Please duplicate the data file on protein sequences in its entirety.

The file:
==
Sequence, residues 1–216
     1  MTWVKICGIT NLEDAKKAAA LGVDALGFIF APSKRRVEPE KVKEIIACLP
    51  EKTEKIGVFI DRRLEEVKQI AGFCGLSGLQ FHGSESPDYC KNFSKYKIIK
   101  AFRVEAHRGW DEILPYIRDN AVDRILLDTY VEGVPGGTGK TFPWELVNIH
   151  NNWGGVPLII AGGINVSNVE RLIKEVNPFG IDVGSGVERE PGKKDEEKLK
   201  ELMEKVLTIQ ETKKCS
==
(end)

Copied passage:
Sequence, residues 1–216
     1  MTWVKICGIT NLEDAKKAAA LGVDALGFIF APSKRRVEPE KVKEIIACLP
    51  EKTEKIGVFI DRRLEEVKQI AGFCGLSGLQ FHGSESPDYC KNFSKYKIIK
   101  AFRVEAHRGW DEILPYIRDN AVDRILLDTY VEGVPGGTGK TFPWELVNIH
   151  NNWGGVPLII AGGINVSNVE RLIKEVNPFG IDVGSGVERE PGKKDEEKLK
   201  ELMEKVLTIQ ETKKCS